The villains, particularly the primary ones, do an excellent job as well. Willem Dafoe is the star of the show; he gives Norman Osbourne additional depths, adding layers to an already interesting character. Doctor Octopus (why are we now treating “Doc Ock” like it’s his legitimate name rather than a goofy moniker Spider-Man uses to taunt him? ), played by Alfred Molina, is also brilliant, uncovering Otto’s humanity behind a furious man trying to share his suffering with the world. Electro, played by Jamie Foxx, is generally amusing, a crook who revels in his badness. By necessity, Sandman and Lizard receive a bit of a short shrift, but in their limited time, they give their monster figures human faces. Finally, Benedict Cumberbatch has gotten so excellent at playing Doctor Strange that he could play him in his sleep, yet the character is the worst aspect in Spider-Man: No Way Home. He has some fantastic moments, and I appreciate his story as it pertains to Peter, but he’s too goofy in other areas, and some of the jokes are terrible. Strange’s entrance demonstrates the cliche has worn out its welcome, therefore I’m hoping this is the last mentor-style figure for Spidey.
The technical features of Spider-Man: No Way Home are mainly solid, while the special effects are a little lacking. Many of them are spectacular, such as Doctor Octopus’ arms or the universe gateway opening vistas. However, certain characters fall well short of a big-budget film; the most notable example is the Lizard, who never appears much more than a cartoon. You’re pulled out of the movie every time he opens his lips. The action sequences, notably a gritty fistfight that finishes the second act, are intense and visceral. The benefit of having so many villains is that each one has a unique set of weapons or skills, which director Jon Watts takes use of to keep the action fresh. That is well complimented by the soundtrack. I’ve always preferred the Spider-Man theme from his MCU appearances above any of the earlier versions, and it still serves as both Spidey’s theme and a thrilling action song. Aside from a few glitches, this is pure superhero extravaganza, which is welcome following a stale slate of would-be blockbusters.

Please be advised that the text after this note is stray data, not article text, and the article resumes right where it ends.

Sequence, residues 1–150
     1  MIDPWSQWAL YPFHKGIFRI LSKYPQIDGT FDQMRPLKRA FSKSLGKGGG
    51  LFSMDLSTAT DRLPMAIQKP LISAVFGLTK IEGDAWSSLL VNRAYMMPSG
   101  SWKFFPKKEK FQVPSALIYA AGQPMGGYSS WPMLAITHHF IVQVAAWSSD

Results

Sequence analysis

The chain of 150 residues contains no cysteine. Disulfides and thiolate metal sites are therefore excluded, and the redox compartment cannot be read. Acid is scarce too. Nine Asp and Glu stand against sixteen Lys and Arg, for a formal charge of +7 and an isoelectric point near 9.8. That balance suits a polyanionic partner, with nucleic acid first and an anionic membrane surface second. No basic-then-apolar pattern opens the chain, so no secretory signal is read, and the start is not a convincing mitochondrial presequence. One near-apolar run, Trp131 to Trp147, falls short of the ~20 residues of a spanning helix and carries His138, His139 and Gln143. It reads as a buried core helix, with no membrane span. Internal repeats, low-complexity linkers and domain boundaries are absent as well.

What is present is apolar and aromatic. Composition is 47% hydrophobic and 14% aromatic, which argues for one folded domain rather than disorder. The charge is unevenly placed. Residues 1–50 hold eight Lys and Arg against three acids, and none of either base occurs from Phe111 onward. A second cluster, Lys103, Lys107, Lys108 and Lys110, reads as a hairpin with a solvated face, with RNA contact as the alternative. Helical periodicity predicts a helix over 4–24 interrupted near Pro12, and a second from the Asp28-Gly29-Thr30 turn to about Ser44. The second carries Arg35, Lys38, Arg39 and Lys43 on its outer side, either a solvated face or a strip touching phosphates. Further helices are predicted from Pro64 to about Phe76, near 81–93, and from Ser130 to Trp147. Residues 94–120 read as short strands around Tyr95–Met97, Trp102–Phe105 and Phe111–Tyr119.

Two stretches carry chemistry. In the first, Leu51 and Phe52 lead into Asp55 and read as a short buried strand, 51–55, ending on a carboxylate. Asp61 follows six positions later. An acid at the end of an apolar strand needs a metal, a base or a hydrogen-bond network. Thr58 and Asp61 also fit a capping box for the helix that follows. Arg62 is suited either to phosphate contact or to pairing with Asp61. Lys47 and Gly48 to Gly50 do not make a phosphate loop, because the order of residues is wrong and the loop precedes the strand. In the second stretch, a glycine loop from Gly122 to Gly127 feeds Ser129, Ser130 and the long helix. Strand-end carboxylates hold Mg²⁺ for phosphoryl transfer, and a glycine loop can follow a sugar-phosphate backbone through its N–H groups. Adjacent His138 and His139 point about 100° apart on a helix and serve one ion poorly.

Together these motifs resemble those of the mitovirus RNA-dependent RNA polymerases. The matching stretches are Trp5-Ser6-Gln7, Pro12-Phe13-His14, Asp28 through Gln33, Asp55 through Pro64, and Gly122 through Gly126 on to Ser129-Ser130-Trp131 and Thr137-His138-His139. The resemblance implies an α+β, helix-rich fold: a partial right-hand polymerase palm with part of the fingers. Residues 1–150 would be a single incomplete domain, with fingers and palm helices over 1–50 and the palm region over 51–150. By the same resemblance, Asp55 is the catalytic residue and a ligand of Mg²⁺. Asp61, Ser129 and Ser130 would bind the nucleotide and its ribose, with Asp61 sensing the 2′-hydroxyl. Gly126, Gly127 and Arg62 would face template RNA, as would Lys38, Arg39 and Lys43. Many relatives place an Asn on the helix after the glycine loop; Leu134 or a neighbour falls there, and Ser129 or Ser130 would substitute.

Spider-Man: No Way Home is a touching tribute to Marvel’s signature character, as well as an action-packed adventure that delves into what makes a hero and why Peter Parker is one of the best. The structure is a touch shaky, some of the visual effects aren’t quite right, and Doctor Strange can get in the way of the plot at times, but the overall experience is breathtaking. Make every effort to avoid spoilers!
Plot – 8
Acting – 9 points
9 for directing/editing
9 – Music/Sound
7 Special Effects
Spider-Man: No Way Home is a touching tribute to Marvel’s signature character, as well as an action-packed adventure that delves into what makes a hero and why Peter Parker is one of the best. The structure is a touch shaky, some of the visual effects aren’t quite right, and Doctor Strange can get in the way of the plot at times, but the overall experience is breathtaking.
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Spider-Man: No Way Home is a superhero movie from Disney and Marvel. The movie was released on July 3rd, 2021. It is a prequel to the Spider-Man movies of the 2000s. Reference: no way home trailer.